Fr. James' Lectionary

The Lectionary is both a reading program for completing all of Holy Scripture on a one year schedule, and a daily comment on a portion of the day's reading wedded to a poem to give an added perspective on the theme.

Location: Amherst, Virginia, United States

Sunday, May 15, 2005

Remove Your Sandals

Daily Readings
Proverbs 22 + Joshua 5 + Deuteronomy 34 + Romans 16

Quote of the Day
The commander of the army of the LORD said to Joshua, “Remove the sandals from your feet, for the place where you stand is holy.” And Joshua did so. Joshua 5:15

Daily Text: Joshua 5:13-15
13 Once when Joshua was by Jericho, he looked up and saw a man standing before him with a drawn sword in his hand. Joshua went to him and said to him, "Are you one of us, or one of our adversaries?" 14He replied, "Neither; but as commander of the army of the LORD I have now come." And Joshua fell on his face to the earth and worshiped, and he said to him, "What do you command your servant, my lord?" 15The commander of the army of the LORD said to Joshua, "Remove the sandals from your feet, for the place where you stand is holy." And Joshua did so.

Remove your Sandals
The commander of the army of the LORD stands before Joshua and he falls to his face and worships him. This passage is so like that of Moses and the burning bush that it must be mentioned. Perhaps because this is its reference there is an anomaly here that is pointed. Joshua sees the figure and when the figure announces who he is Joshua falls to his face. He is not on his feet when he is commanded to take off his shoes because he is ‘standing’ on holy ground! But the point is made.

There are two issues to be commented upon. Who is the man with the drawn sword? Is he an angel or is he the LORD himself? John Calvin [99:I,XIV,5:166] references ancient Christian writers who suggested that the man is Jesus. I find it hard to read Christian and trinitarian references back into the Hebrew Scriptures. However, there are numerous occasions when God appeared in human or angelic form and was worshipped without demure [cf. Genesis 18:1, Genesis 32:28-30, Exodus 34:6,8, Judges 6] the humans believing they had encountered God himself. There were other occasions where an angel, presumably a different order of being, refused worship [cf. Revelation 19:10; 22:8,9]. My tendency in this instance is to assume the encounter is with God, much like the encounters of Moses.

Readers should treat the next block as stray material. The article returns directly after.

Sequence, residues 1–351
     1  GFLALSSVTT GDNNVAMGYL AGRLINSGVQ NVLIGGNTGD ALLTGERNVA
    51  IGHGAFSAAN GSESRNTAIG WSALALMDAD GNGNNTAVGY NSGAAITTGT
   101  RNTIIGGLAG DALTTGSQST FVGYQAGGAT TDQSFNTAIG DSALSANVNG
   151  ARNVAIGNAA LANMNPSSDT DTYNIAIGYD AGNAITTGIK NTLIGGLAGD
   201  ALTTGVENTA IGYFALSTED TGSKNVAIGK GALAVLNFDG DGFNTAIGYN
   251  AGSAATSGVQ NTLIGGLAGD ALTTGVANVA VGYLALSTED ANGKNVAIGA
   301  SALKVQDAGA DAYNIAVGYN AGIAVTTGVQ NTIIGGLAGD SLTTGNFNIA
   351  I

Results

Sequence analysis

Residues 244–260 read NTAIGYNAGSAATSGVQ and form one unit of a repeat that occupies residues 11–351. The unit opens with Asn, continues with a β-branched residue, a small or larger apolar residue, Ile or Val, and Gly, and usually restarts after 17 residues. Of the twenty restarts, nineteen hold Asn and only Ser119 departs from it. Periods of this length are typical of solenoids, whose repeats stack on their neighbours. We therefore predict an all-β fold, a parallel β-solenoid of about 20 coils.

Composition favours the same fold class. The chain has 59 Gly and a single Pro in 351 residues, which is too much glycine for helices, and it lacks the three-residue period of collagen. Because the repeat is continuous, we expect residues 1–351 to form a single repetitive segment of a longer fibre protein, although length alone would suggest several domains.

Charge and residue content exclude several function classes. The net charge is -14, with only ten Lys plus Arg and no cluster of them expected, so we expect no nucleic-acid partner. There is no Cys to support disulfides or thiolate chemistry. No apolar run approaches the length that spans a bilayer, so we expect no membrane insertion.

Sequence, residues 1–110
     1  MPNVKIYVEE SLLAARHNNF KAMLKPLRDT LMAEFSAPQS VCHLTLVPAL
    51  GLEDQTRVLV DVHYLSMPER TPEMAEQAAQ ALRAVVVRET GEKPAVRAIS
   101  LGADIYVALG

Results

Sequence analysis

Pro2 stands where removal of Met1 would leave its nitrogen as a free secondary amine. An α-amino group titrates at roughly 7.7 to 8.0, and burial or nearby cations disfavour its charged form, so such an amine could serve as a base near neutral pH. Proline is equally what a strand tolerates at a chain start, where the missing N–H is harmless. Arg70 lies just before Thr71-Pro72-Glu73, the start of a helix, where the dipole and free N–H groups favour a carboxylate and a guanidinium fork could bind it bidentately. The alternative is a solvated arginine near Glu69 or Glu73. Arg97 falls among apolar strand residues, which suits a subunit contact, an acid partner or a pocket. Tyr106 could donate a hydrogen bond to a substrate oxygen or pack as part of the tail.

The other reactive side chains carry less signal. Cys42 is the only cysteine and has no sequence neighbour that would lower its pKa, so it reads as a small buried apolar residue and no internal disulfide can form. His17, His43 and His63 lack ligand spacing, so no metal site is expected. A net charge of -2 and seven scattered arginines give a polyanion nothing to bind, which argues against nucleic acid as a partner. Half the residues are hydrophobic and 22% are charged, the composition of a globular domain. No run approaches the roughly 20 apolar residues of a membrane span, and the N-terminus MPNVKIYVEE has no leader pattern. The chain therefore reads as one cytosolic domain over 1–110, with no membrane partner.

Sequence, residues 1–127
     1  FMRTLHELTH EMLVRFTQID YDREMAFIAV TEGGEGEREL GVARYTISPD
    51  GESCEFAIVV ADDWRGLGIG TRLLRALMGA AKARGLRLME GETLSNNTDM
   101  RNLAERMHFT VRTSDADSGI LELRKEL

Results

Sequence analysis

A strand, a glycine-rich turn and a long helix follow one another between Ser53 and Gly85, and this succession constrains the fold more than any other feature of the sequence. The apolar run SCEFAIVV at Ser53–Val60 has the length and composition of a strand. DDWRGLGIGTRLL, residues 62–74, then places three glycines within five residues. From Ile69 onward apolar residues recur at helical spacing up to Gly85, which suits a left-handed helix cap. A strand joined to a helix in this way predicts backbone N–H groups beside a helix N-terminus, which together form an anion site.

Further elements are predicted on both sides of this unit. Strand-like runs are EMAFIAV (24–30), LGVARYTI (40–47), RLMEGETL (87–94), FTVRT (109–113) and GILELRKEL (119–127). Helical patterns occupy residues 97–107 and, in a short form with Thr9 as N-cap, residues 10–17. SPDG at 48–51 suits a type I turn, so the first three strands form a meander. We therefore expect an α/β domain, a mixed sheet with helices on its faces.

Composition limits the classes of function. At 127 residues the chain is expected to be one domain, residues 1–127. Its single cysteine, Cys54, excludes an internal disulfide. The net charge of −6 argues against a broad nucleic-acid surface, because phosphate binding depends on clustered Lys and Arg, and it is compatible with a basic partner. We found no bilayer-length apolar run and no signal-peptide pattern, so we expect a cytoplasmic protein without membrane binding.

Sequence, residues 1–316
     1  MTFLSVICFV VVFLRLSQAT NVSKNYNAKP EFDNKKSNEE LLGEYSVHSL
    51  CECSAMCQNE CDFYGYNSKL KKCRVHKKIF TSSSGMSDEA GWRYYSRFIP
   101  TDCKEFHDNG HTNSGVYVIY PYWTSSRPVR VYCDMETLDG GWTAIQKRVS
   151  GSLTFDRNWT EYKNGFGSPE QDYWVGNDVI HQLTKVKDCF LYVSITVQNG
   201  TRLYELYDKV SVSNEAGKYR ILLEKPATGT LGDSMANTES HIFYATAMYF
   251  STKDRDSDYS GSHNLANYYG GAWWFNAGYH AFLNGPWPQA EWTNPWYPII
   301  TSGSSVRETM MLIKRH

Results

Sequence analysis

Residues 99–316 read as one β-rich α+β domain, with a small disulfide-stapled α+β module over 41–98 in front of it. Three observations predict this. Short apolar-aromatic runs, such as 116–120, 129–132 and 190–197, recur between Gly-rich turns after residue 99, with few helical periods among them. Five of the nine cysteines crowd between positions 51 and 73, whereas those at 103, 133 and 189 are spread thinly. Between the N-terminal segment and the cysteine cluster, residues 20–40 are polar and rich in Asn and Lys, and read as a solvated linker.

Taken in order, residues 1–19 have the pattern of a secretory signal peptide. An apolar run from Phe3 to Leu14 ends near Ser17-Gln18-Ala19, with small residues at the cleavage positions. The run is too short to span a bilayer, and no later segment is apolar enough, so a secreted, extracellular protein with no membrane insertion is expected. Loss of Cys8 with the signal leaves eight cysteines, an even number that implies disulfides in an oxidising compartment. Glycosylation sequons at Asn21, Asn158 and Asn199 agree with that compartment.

The second issue is that of the holy ground. What is the command? “Remove your sandals.” This is not an experience of place. Note that earlier in this chapter there are experiences of place where evidently circumcision occurred, perhaps for centuries just prior to Passover, Gibeath-haaraloth, and the place, Gilgal, where the Passover itself was celebrated not only on this occasion, but perhaps for long years. These ‘places’ are unlike the ‘place’ that was holy for Joshua. That ‘place’ was holy because of his experience of the holy, and no further reference is made to it. What was required of him? Only that he take off his shoes. This is Joshua’s encounter with the holy. God may have spoken to him before. He may have participated in marvelous works like the rolling back of the Jordan River, but this is his Sinai encounter—and no more is heard of it. He lives out his life on the strength of this vision of the holy. All meaning, all behavior, all of life is thereby lived in the light of this encounter.

No Man Saw Awe
Emily Dickinson

No man saw awe, nor to his house
Admitted he a man
Though by his awful residence
Has human nature been.

Not deeming of his dread abode
Till laboring to flee
A grasp on comprehension laid
Detained vitality.

Returning is a different route
The Spirit could not show
For breathing is the only work
To be enacted now.

“Am not consumed,” old Moses wrote,
“Yet saw him face to face”-
That very physiognomy
I am convinced was this.


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